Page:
SWAN SONG | Coeur d’Alene Press


COEUR d’ALENE — Bev Twillmann saw hundreds of swans on both sides of Highway 97 as she drove toward Harrison.

The sight of the graceful, long-necked white birds near the Coeur d’Alene River would have been beautiful – but for the dead along the shore and road.

Twillmann wrote that a bird was confused, unsteady, and wandering near the center of Highway 97, even sitting in the middle of the road with speeding cars.

“It was heartbreaking,” she wrote.

Officials from Idaho Fish and Game and the U.S. Environmental Protection Agency said Monday the sad scene was part of the annual mortality of migratory tundra swans that typically arrive in late February and early March.

Each year, on average, about 80 to 100 swans die in the Coeur d’Alene River Basin because their food source is contaminated by a century of mining waste.

This year is a “high mortality” year because the swans arrived earlier than usual in the Coeur d’Alene River basin, in early February, and stayed there.

Brittany Morlin, biologist with the US Fish and Wildlife Service, said that before the end of the annual migration, several thousand swans will visit the basin. Many forage in contaminated habitats as they move between wetlands.

Earlier this month, a team of biologists took samples of sediment and faeces from the surface of the lower basin wetlands where swans have recently been sighted.

Swans have been captured to collect blood and fecal samples and affix marking devices, such as colored collars and satellite collars.

Of the 17 swans captured overnight and released, three or four have already died.

“It will probably be a year with a high number of deaths,” Morlin said.

She added that the number of swan deaths depends on many variables, including how many swans arrive, how long they stay and weather conditions.

According to Fish and Game, mine wastes were dumped into the Coeur d’Alene River and its tributaries for much of the 20th century.

“This caused metals like lead to build up in many marsh soils along the river,” said a 2019 Fish and Game report. “About 95% of wetland habitat in the lower basin of the Coeur d’Alene River contains levels of lead that are toxic to swans and other waterfowl.”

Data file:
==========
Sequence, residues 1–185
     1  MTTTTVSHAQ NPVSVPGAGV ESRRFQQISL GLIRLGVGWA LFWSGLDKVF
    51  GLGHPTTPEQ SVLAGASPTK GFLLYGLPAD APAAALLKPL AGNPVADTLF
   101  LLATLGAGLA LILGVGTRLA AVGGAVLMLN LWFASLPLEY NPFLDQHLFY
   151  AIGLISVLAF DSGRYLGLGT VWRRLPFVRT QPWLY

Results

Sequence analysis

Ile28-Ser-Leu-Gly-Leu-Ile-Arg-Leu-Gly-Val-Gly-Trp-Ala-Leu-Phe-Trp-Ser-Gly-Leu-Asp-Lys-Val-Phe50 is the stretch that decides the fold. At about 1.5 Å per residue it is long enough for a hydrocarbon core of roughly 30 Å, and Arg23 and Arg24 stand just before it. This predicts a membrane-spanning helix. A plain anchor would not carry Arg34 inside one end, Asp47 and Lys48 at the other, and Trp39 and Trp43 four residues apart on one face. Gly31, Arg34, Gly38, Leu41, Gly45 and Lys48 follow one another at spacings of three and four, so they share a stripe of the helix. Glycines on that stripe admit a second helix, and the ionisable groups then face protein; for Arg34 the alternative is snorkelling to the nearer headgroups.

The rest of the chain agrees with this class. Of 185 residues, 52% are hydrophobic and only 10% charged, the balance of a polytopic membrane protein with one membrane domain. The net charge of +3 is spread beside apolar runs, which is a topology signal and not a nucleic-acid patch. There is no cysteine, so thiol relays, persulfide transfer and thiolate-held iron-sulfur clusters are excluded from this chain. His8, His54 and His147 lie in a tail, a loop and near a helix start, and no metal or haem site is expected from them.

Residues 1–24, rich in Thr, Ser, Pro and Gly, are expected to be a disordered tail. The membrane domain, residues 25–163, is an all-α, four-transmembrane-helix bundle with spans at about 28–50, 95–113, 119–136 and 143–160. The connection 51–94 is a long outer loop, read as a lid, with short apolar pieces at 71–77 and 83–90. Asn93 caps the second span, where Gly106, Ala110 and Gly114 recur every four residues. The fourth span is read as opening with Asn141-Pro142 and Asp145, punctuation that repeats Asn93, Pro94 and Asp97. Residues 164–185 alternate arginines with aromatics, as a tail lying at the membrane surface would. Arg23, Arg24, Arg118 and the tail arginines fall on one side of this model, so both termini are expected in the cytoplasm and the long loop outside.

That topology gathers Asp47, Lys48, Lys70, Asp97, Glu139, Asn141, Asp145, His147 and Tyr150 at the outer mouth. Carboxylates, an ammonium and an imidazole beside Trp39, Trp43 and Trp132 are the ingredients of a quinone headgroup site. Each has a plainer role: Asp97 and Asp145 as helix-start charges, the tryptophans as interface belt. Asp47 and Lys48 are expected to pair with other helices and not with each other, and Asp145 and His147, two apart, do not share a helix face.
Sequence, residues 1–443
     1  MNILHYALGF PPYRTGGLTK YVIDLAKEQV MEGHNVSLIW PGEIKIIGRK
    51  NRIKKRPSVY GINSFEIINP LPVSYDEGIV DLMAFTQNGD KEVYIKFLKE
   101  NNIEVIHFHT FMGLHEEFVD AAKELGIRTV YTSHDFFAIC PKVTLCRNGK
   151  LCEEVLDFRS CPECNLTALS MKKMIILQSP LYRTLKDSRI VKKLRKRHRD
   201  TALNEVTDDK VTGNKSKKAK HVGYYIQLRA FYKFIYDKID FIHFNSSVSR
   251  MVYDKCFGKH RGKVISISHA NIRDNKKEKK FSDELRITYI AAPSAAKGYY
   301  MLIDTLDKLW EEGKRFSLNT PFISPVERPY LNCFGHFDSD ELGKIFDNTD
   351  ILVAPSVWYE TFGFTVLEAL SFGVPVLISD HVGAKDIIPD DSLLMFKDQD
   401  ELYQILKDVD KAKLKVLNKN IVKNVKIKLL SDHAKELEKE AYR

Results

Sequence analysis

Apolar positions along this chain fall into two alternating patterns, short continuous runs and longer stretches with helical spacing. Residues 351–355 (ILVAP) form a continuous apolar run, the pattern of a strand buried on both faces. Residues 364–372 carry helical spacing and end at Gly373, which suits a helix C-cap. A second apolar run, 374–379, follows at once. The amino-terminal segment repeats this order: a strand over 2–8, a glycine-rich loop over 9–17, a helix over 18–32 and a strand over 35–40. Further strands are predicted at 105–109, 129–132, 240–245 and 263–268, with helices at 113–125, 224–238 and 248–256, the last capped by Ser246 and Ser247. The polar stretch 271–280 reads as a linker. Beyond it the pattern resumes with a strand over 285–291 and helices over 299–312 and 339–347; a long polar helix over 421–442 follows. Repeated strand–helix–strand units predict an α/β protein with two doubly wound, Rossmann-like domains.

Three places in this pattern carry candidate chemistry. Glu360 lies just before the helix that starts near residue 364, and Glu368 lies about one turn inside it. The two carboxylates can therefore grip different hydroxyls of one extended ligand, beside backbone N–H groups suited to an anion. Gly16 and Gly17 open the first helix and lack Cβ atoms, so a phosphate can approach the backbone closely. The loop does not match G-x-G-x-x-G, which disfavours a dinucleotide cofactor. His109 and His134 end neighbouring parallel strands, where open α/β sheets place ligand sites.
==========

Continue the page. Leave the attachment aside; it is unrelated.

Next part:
Fish and Game said tundra swans are particularly vulnerable because they burrow deep into mud to feed on roots and tubers, increasing the amount of exposure to contaminants like lead in the soil.

EPA project manager Kim Prestbo said it’s an issue that’s been tracked and studied for decades. The solution is to clean up the mess.

But it’s not easy.

There is a high concentration of mining waste scattered over an extremely large area – approximately 30 river miles. It will take decades and hundreds of millions of dollars to repair the damage.

“The EPA has worked in the lower basin consistently,” Prestbo said.

But it’s a slow process.

The plan to restore wetlands to functional habitat includes prioritizing the use of waterfowl reared in the basin and “progressive” clean-up work.

Dave Leptic, Idaho Fish and Game, said they’re looking at 20-30 years. It will take a lot of money, a lot of agencies and a lot of time to turn things around, he said.

“It’s not a silver bullet,” Leptic said.

There are success stories.

The Schlepp Wetland Restoration Area in the Lower Basin has over 400 acres of clean and productive wetland habitat used by swans.

In 2015, fish and game habitat specialists restored 65 acres of wetlands as part of the Robinson Creek Project with financial support from the Idaho Department of Environmental Quality, EPA and partnership.

The EPA and others are continuing their efforts to create cleaner foraging habitat in the lower basin.

“We’re starting to see some improvement,” Prestbo said.

The restoration partnership includes representatives from the State of Idaho, the Coeur d’Alene Tribe, the U.S. Department of the Interior, and the U.S. Department of Agriculture.

The Partnership released a comprehensive restoration plan for the Coeur d’Alene Basin in May 2018. The plan establishes a framework for the restoration of natural resources such as fish and waterfowl that have been damaged by the release of mine waste historical.

The Partnership has approximately $130 million to carry out its work.

“A really difficult bird to catch,” he said.

Leptich said geese and ducks are also affected by contaminated mine waste in the basin, but swans are “more affected than other species”.

And because they are large white birds, easily seen off the roads, they get the most attention.

Leptich said Fish and Game gets a “good number of calls” every year reporting dead and dying swans and asking what’s going on.

The inhabitants know the situation, but not the new arrivals.

While the concern is appreciated, Leptich said there’s really nothing anyone can do to save the swans.

“It’s a bigger problem than one individual can solve,” he said.


Comments are closed.